Session 1: Concerning the Search—Spirituality and Science
Greetings, course participants—and Welcome!
I have not met any of you yet. But I have been thinking about you and praying for you ever since I began creating this Howard Thurman course for the Center for Christogenesis. I am so excited for our first week together during which we will read and think, talk and listen, learn and pray together with each other and Thurman himself.
Each week you will receive an email from me. In it I will offer suggestions and resources to help you make the most of your individual reading and reflection and our weekly class sessions.
Because this is our first week together, I want to keep things simple. Please reflect on the following questions and scripture passage before you begin this week’s reading. Consider keeping them in your mind, or better yet printing them out, and keeping them by your side as you make your way through Thurman’s words and wisdom. Let these questions—as well as the more personal questions, memories, and challenges they provoke in you—guide your journey with Thurman in this initial week.
- Consider the word “search.” Reflect on it for a minute or two. Say it in your mind. Speak it in your heart. Now say it out loud. Even sing or shout it if you want to! What experiences, ideas, memories, questions, favorite quotations or scripture verses come into your mind and spirit as you are doing these things?
- Howard Thurman is our primary spiritual and theological teacher in this course. I am a Thurman research and teaching specialist, yet even in my most original treatment of him, I am but a mouthpiece. I know his life, thought, and work very well. And every time I teach or write about Howard Thurman, I notice or learn something new—about him, and about myself. This in mind, think about who Howard Thurman is for you right now. Some of you are “meeting” him for the very first time in this course. Others of you have perhaps known, and traveled with, Thurman for several years or more. What questions do you have about him—as a person, as a theologian, as a spiritual guide? What potential biases, whether positive or negative, or assumptions do you have about who Howard Thurman was, what he thought, and why he is—or is not—important for us today? Finally, given what you do know of Thurman at present: What about him most comforts and inspires you? What about him most challenges and frustrates you?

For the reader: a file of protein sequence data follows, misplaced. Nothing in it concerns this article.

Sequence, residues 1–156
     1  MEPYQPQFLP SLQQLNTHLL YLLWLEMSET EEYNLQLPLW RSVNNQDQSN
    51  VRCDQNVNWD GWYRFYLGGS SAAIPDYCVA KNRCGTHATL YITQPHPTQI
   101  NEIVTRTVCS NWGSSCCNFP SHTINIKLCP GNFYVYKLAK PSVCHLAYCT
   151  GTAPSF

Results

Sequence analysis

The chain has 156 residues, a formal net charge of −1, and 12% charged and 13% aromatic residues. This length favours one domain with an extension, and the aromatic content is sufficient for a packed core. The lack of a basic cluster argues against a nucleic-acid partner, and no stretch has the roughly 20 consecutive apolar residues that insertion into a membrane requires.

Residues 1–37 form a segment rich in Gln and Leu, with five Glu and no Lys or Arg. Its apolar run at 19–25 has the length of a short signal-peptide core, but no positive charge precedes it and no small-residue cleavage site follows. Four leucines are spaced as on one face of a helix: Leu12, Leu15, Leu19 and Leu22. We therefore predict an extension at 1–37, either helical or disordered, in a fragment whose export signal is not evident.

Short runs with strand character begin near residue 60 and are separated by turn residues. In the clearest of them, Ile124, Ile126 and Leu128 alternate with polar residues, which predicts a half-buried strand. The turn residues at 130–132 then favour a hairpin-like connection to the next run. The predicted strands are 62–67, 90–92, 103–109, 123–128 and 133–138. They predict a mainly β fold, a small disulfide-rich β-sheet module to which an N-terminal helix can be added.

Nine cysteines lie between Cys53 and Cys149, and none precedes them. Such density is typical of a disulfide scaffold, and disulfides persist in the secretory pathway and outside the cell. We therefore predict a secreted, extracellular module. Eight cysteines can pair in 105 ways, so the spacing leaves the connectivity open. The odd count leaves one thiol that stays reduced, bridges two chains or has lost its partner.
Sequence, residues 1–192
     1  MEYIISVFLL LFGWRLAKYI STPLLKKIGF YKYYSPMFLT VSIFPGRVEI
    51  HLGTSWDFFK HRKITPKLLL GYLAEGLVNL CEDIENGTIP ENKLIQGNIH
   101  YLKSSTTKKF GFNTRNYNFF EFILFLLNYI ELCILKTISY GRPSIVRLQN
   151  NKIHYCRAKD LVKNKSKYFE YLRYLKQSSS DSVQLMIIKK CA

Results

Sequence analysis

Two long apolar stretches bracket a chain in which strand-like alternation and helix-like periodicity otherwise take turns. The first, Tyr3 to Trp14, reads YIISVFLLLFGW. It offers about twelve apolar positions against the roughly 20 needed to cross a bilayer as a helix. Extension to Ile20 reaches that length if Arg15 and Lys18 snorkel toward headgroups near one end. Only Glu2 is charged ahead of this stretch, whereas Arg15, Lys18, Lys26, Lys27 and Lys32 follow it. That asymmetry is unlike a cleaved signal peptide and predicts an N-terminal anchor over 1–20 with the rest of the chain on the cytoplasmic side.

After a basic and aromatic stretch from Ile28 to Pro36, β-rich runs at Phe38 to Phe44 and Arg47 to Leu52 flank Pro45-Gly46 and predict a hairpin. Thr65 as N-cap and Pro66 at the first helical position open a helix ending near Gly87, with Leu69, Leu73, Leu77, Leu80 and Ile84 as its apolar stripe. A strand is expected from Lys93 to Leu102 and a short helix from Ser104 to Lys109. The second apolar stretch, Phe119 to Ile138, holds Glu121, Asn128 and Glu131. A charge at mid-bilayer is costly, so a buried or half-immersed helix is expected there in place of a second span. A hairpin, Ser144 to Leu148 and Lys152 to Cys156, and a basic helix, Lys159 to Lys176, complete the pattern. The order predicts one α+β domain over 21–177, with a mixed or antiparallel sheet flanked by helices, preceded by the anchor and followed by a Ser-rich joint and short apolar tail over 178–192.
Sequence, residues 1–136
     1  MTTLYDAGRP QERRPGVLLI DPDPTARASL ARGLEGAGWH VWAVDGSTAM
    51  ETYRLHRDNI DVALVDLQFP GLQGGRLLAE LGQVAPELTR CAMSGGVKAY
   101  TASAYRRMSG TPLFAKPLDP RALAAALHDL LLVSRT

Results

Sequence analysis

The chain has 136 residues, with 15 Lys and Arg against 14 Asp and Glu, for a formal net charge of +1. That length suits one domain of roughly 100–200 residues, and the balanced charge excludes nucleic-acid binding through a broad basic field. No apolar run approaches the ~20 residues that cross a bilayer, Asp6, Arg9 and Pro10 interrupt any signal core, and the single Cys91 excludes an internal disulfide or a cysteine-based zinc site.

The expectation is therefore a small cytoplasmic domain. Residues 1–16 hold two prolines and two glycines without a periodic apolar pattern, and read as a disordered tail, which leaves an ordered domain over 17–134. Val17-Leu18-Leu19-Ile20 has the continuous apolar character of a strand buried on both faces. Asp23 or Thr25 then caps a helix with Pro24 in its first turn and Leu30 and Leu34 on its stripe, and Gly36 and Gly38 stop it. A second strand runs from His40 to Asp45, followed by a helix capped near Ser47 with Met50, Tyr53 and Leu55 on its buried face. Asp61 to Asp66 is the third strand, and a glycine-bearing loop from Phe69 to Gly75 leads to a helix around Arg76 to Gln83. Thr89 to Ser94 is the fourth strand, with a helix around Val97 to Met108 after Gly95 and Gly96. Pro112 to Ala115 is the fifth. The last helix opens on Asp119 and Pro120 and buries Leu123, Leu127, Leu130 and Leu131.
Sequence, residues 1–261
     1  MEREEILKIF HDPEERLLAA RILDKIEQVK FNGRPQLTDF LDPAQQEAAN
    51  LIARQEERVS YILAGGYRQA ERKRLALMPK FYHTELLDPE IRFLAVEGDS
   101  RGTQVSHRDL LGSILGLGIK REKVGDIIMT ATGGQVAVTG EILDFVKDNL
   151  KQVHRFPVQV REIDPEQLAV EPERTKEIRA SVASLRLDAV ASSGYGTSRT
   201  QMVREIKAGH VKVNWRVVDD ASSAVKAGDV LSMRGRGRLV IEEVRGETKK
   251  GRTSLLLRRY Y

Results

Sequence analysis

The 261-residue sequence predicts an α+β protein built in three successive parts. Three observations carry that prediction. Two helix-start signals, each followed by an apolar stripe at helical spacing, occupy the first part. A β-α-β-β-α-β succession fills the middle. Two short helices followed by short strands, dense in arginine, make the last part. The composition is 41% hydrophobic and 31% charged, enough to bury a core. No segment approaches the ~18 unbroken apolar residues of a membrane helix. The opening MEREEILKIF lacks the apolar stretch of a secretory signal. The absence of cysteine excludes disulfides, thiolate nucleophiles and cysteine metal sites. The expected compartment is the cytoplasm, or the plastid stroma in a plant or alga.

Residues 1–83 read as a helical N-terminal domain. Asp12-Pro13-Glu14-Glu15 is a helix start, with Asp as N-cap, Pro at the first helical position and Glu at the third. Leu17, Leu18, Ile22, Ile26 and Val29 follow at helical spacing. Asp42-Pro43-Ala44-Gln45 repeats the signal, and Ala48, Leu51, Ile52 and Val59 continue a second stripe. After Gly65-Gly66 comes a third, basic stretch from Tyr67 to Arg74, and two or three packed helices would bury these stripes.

- How do you—whether philosophically, scientifically, or theologically—define “community?” Where have you experienced such “community” in your life up to this point? Where has it been absent in your life?
“The spirit of a person is the lamp of the Lord–searching all the innermost parts of their being.” Proverbs 20:27
Recording of session1: Click on image below with the password “whole” to view the recording of session 1.
and Social Change
The Center for Christogenesis is offering this course as an opportunity to explore Howard Thurman’s socio-spiritual vision of community as set forth in his seminal text The Search For Common Ground: An Inquiry into The Basis of Man’s Experience of Community (1971). Thurman’s notion of “community,” and related concern for what he termed “whole-making,” have much in common with the 20th century English process philosopher Alfred North Whitehead’s concept of “concrescence.” “Community” was foundational to Thurman’s personal life and spirituality, as well as his pastoral ministry and related theological writing. His “search for community” was holistic and relentless.